If only I received a pound every time someone said to me “but you’re an Occupational Therapist, can you not OT yourself?”
The answer to that question: it’s harder than you think.
As mentioned in my previous post, ‘My Story’, I am so passionate about occupational therapy but why was it so difficult to practice what I preach when I was off sick from work with Chronic Fatigue Syndrome, Fibromyalgia and Pernicious Anaemia?
A core skill of my profession is the ability to grade (modify the demands of an activity) and adapt (changing an aspect of an activity or the environment to allow increased participation). In my job, I attempt to advise and enable others to complete their meaningful activities (otherwise called occupations e.g. hobbies, roles and responsibilities, self-care tasks etc.), in a way that meets their needs to improve health and well-being. Despite this, when it came to applying this to myself, it seemed impossible!!
Like many people with my conditions, I really struggled to pace myself in order to manage and sustain my energy levels. As discussed in “The start of things to come…”, I attended weekly group sessions held by my local Persistent Physical Symptoms Team. This was a weird experience for me. I felt as if I was sat listening to myself. The same script I use at work daily was being said to me. Suddenly, I had a whole new appreciation of how difficult it can be to follow the advice of health professionals, even when I really wanted to. I was also able to reflect on my experiences of giving similar advice and I feel I have gained a new level of empathy. I now have a better understanding of what it is like to be on the other side of that advice. To feel as though everything in life has changed due to your health and I now have an appreciation of how frustrating it can be to no longer be able to complete meaningful activities (occupations) as I once did.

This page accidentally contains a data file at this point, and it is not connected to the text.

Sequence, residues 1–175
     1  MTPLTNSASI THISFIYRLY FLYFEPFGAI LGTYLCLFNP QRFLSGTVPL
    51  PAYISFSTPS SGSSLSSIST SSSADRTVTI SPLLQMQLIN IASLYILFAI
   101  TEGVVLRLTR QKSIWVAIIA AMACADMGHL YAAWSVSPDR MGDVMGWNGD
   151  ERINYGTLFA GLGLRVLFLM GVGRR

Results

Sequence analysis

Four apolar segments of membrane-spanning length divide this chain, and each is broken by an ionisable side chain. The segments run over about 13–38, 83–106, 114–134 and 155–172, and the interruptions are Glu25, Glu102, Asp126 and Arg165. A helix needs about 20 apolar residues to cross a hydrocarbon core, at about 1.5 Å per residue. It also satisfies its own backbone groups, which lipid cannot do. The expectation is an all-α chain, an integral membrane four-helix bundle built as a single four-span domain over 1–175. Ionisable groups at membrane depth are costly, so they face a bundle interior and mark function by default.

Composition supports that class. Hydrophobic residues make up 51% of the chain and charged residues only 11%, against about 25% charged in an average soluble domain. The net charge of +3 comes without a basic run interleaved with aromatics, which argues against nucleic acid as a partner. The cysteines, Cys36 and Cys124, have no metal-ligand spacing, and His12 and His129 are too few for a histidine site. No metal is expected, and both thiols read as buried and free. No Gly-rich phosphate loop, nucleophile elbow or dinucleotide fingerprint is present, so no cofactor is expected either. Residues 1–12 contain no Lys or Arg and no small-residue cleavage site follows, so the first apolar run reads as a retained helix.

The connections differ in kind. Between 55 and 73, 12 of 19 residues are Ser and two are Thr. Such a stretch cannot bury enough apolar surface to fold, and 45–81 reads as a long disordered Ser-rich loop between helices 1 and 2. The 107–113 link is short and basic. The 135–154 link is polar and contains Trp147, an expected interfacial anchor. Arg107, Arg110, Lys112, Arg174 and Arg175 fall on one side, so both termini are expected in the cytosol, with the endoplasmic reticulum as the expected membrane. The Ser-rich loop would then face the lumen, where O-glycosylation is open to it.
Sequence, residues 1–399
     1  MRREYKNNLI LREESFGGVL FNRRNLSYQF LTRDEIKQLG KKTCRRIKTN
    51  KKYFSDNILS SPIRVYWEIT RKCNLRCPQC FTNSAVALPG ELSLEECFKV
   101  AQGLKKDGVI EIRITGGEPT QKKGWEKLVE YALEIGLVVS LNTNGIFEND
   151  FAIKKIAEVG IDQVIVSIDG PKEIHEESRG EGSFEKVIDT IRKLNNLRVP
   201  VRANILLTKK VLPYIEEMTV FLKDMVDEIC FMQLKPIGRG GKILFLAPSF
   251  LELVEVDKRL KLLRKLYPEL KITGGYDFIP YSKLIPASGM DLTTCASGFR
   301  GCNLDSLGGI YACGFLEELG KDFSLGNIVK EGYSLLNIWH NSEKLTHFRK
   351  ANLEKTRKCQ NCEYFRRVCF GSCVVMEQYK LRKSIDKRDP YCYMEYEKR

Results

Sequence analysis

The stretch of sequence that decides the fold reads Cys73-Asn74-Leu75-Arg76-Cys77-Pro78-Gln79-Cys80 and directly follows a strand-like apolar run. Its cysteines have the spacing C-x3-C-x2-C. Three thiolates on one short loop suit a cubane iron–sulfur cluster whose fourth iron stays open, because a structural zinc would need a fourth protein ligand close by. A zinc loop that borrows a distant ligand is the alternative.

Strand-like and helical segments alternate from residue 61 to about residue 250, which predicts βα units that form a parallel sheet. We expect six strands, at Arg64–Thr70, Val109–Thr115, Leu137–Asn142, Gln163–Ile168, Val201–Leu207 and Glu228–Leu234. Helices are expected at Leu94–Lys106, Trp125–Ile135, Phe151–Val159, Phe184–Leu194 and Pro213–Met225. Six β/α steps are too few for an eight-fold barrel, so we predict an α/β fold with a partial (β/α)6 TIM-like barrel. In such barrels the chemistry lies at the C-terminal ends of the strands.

Pacing is hard. Grading and adapting my activities is a struggle. As I have improved during my journey, I have been on a rollercoaster both physically and emotionally. I have boomed and busted and achieved and failed. I have often felt like a hypocrite for not doing as “Amy the OT” would advise but do you know what, I am also “Amy the person”. A person who didn’t ask to be ill and a person who doesn’t want to be defined by chronic illness. Living with CFS/ME, Fibromyalgia and Pernicious Anaemia isn’t a straightforward journey, it’s up and down. Accepting that is difficult as at every glimpse of improvement, you find yourself wanting to do everything straight away and pacing simply goes out of the window.
I do hope however, that from this experience I have become a better OT and I will remember how I felt when I was at my worst, when I am giving support to my patients. I want to allow this new level of empathy to guide my practice.
And guess what… I have now made it back into work. I have just started a period of phased return which I will build up over the next two months. 1-0 to “Amy the OT”. “Amy the OT” is back.